I forgot that I wanted to get this joke reference into the Throwaways post, so here it is by itself:
Perfect is the enemy of good, but far more importantly, perfect is the enemy of *practice*. Allow yourself to make weird flawed things
— Jaiden Mispy (@m1sp) April 28, 2016
Janie had a blog the other week about her self-destructive tendencies, one of which is to do things that feel productive but aren’t. A lot of her problem is reading a bunch of background information prior to starting a major project, something that has so many unknowns it’s imposing.
I get it because I’ve been in the same situation and done the same thing, and it didn’t work. But an approach far more naive turned out to work better.
Yay! Another App Store think piece!
No, wait, where are you going? Hang on, I promise it won’t be the same old “Apple needs to do trials and paid upgrades” rant. In fact, I don’t think Apple’s the problem at all.
I think maybe we’re the problem.
iOS 9 SDK Development is now shipping, and I got my copies today. After some longer-than-expected delays copy-editing and indexing, the Prags surprised us with a very cool feature:
The book is printed in COLOR. Not just 16 pages of color plates in the middle. Like, the whole damn thing is in color. Every code listing is syntax-highlighted, every sidebar is in Prags Purple, and every simulator screenshot with a photo looks like an actual iPhone or iPad screen.
This got mentioned as a possibility during layout review, and I was surprised by it, but I guess with the lower-volume print-on-demand publishing technology they now use, color is more practical than in the old days of offset printing when you needed to work in batches of 5,000.
With the book done, and taking time off from conferences, I’ve wanted to do some coding of my own, to catch up on stuff I’ve missed out on over the last year or so. Naturally, top of the agenda is tvOS, and the various changes to the media frameworks.
So to warm up, I decided to take my old web radio project from the CocoaConf Core Audio class, and port it to tvOS. I figured that along the way, I’d also rewrite it in Swift and update some of the crustier parts of the code.
tl;dr: it works fine, but there are things I’d do differently a second time around.
Confession: I have no idea whether the code examples from Learning Core Audio work on El Capitan and iOS 9. Maybe? Probably most of them? But I’m in a really conflicted state with where that book is.
The book came out in early 2012, which now makes it about four years old. It took about two years off and on to write, 2010 and 2011, with a big push to wrap it up at the end of 2011 because our editor was leaving Pearson to go to Apple. Looking at my mail history, I was approached about replacing Mike Lee on the book in late 2009, so the small amount of material that he and Kevin Avila wrote probably dates back to earlier in that year.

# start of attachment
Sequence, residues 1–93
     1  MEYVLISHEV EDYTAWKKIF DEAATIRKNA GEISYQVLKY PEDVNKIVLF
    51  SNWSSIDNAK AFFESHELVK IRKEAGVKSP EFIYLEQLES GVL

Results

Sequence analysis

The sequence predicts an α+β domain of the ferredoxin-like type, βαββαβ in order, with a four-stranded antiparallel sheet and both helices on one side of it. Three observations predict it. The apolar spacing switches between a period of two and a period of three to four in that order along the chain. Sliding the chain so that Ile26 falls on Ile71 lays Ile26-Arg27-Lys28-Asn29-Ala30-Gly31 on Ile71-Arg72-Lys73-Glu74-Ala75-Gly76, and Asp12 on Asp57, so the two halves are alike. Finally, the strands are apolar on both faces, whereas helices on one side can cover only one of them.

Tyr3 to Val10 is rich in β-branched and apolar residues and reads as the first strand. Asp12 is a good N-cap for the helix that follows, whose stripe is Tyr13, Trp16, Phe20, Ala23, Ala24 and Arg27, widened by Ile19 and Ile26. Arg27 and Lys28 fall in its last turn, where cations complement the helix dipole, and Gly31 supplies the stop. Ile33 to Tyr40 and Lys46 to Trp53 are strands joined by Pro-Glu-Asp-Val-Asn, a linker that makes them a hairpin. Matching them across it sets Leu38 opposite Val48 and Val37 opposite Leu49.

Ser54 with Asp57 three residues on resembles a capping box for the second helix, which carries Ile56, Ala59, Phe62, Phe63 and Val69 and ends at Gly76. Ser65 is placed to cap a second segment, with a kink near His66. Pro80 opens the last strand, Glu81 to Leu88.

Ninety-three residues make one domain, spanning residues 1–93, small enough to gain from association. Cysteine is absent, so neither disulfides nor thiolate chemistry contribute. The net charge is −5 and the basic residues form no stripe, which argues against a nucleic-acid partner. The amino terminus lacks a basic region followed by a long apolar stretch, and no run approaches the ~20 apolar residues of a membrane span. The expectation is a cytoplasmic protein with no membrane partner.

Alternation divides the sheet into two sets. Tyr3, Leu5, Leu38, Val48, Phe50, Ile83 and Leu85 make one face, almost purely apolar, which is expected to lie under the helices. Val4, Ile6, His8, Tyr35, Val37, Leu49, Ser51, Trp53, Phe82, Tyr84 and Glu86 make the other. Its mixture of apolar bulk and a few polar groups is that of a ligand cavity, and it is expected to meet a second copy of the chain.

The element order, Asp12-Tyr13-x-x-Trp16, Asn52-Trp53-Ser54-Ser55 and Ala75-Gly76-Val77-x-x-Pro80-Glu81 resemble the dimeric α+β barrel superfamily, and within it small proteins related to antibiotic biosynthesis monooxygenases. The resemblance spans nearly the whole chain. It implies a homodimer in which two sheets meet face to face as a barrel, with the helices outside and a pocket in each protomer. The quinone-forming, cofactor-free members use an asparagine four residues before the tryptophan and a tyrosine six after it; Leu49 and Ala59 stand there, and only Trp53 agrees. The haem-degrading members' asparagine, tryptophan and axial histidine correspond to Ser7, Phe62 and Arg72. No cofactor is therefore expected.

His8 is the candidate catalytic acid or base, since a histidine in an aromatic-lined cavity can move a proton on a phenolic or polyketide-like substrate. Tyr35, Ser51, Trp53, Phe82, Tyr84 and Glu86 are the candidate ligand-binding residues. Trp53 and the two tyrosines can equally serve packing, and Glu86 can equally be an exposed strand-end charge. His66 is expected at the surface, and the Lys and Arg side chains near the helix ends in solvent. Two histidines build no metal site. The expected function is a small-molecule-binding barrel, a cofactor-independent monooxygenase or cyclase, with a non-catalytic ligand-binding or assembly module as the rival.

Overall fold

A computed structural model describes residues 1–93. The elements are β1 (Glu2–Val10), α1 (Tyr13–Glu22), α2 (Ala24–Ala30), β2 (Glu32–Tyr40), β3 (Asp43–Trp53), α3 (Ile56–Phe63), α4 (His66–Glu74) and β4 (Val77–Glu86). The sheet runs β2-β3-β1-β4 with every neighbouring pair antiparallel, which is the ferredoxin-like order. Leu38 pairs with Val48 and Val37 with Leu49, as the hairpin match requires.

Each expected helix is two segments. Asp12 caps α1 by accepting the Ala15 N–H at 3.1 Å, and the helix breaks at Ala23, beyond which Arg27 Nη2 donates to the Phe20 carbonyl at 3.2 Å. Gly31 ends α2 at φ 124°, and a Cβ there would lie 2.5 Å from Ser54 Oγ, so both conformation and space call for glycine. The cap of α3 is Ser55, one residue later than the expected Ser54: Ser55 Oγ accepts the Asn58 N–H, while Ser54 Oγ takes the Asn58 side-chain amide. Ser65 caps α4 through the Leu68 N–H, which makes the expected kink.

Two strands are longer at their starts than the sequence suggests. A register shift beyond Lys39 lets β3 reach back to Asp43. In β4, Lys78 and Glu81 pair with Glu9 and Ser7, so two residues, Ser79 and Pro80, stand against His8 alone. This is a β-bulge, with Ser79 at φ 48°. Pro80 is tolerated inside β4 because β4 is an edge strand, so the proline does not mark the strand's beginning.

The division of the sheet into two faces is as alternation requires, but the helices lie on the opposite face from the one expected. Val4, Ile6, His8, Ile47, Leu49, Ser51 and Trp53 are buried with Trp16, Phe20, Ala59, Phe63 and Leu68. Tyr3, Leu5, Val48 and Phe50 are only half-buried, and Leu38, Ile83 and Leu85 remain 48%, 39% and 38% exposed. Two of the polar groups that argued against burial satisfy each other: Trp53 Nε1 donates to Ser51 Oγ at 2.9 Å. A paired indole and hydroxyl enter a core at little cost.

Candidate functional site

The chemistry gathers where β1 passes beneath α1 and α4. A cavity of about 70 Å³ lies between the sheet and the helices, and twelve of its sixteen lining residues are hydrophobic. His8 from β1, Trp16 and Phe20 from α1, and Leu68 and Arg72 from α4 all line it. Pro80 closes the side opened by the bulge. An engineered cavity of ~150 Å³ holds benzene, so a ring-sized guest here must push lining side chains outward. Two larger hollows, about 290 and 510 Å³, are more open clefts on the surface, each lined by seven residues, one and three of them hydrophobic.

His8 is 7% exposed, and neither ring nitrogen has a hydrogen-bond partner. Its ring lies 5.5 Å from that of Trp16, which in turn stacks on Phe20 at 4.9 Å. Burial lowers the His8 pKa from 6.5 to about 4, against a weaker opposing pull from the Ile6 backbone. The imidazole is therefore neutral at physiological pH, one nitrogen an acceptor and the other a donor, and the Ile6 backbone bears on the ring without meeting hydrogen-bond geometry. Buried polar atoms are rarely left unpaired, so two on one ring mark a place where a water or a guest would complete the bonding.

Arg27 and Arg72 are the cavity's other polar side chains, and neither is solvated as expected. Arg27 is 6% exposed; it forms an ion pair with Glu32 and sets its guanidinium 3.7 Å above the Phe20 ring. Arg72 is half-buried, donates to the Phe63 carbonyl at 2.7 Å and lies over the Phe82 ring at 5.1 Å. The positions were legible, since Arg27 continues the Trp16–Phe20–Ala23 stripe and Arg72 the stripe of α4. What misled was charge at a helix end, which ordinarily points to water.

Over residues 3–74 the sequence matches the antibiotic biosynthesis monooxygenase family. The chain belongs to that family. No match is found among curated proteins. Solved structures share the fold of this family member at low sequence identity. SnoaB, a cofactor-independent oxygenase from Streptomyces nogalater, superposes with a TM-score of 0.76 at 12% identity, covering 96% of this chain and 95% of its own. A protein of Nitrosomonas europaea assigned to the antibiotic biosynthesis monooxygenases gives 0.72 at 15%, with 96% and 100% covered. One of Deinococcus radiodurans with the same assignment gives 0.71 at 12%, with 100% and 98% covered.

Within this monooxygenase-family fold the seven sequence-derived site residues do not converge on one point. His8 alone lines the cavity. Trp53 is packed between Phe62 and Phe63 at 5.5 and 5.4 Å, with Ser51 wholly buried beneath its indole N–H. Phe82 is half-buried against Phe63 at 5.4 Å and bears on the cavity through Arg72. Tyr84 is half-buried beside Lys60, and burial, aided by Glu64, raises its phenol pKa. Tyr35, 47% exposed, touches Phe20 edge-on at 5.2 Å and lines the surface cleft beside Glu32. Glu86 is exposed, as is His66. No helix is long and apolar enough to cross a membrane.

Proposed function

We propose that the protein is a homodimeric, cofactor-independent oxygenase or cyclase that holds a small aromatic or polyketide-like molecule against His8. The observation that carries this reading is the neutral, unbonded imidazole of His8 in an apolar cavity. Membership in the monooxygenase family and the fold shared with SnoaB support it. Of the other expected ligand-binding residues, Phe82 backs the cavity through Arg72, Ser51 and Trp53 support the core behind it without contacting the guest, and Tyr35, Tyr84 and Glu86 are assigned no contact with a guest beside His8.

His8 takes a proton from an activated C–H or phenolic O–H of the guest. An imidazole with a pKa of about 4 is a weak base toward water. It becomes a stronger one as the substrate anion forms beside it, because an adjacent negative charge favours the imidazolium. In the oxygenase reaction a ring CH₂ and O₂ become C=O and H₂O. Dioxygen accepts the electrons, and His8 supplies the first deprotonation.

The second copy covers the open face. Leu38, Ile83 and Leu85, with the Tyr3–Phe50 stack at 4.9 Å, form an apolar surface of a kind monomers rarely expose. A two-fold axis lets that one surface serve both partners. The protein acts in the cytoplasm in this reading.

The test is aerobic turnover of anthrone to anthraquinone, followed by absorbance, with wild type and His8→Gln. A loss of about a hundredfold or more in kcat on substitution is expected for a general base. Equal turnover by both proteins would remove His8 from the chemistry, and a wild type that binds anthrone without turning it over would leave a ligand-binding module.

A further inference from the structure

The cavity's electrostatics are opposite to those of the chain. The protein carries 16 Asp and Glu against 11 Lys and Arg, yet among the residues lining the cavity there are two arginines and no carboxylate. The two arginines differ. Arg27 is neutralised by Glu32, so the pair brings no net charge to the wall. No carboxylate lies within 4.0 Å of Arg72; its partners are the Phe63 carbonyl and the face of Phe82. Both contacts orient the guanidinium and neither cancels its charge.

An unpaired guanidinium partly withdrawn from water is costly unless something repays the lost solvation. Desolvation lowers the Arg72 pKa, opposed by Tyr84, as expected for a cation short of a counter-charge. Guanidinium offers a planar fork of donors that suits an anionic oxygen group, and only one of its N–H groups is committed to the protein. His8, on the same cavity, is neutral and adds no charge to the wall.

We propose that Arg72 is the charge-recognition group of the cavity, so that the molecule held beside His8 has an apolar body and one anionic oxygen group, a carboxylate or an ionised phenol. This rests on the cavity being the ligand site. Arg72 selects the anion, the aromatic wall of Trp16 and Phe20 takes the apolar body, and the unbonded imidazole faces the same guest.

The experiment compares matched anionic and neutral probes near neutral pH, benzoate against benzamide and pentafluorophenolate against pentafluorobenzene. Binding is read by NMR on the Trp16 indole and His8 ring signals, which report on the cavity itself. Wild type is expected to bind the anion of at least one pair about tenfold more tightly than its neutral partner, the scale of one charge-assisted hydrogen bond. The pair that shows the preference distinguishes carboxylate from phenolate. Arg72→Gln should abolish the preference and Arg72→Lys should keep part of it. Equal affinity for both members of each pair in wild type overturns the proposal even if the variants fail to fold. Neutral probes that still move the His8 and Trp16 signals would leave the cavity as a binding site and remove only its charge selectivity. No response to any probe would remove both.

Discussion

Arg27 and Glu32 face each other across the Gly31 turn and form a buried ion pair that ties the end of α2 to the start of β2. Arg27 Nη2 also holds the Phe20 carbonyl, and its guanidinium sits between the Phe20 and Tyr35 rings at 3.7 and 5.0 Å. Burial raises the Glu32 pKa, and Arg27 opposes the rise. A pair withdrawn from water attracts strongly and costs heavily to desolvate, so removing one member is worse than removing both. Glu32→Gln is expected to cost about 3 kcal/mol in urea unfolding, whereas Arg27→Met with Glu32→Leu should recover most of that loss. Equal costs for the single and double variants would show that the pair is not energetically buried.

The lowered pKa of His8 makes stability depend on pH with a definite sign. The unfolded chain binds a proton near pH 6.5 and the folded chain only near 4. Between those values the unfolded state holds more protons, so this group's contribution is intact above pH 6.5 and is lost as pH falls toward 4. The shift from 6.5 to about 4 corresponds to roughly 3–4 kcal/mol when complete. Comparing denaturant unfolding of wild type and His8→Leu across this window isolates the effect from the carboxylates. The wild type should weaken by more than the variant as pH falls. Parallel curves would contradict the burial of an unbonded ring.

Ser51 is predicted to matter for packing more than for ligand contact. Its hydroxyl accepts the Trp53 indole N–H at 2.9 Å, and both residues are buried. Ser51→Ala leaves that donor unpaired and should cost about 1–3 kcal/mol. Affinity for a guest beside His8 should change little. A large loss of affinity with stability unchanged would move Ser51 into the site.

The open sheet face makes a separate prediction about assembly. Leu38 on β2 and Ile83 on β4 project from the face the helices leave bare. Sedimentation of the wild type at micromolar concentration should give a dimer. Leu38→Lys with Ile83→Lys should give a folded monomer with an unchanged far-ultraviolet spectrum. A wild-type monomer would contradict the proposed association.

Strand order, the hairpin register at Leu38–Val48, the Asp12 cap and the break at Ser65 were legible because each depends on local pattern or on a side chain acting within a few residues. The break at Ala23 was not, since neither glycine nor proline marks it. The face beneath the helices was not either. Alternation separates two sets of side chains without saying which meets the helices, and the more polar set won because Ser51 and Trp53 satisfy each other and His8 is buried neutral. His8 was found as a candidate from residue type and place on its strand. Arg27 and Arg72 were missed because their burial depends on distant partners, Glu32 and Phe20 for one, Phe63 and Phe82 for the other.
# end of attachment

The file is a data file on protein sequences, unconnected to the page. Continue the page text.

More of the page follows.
The point of this all being, the book is old now. The stated system requirements are Xcode 4.2, Lion (Mac OS X 10.7), and iOS 5. The examples in the first few chapters that use Foundation instead of Core Foundation actually use manual
release and the
NSAutoreleasePool because the book largely pre-dates ARC (we did finally ARC-ify those examples in the April 2014 update to the downloadable sample code, at the cost of no longer matching the written material in the book).
So now what?
“Oh hell, another App Store thinkpiece.” Yeah, I know, not really my department even, so I’ll try to through it quickly. I just can’t help but think about some ideas and facts that can’t all be true at the same time.
Let’s start with this: 5 of the last 6 Kickstarters I’ve supported (check out my profile there) have been for software projects, games specifically. None of them are for iOS, only one is for OS X, and collectively, they represent far more than all my purchases on the App Store combined over the last 7 years (and that’s coming from someone who dutifully plunked down $50 for OmniGraffle for iOS and buys the new $5 Pinball Arcade table I-AP every month).
CocoaConf San Jose starts on Thursday. As with the other stops on the Fall tour, I’ll be doing an all-day class on App Extensions, and regular sessions on WatchKit media APIs and “Revenge of the 80s”, which is about old productivity APIs like cut/copy/paste that have been with us since the first Macs and which we take for granted.
This is also the last speaking I’ll be doing for a while. I’m taking at least the first half of 2016 off, maybe longer.
OK, sorry, didn’t mean to sound dramatic. But hey, you have to have a hook before the fold. Let me explain where my head’s at right now.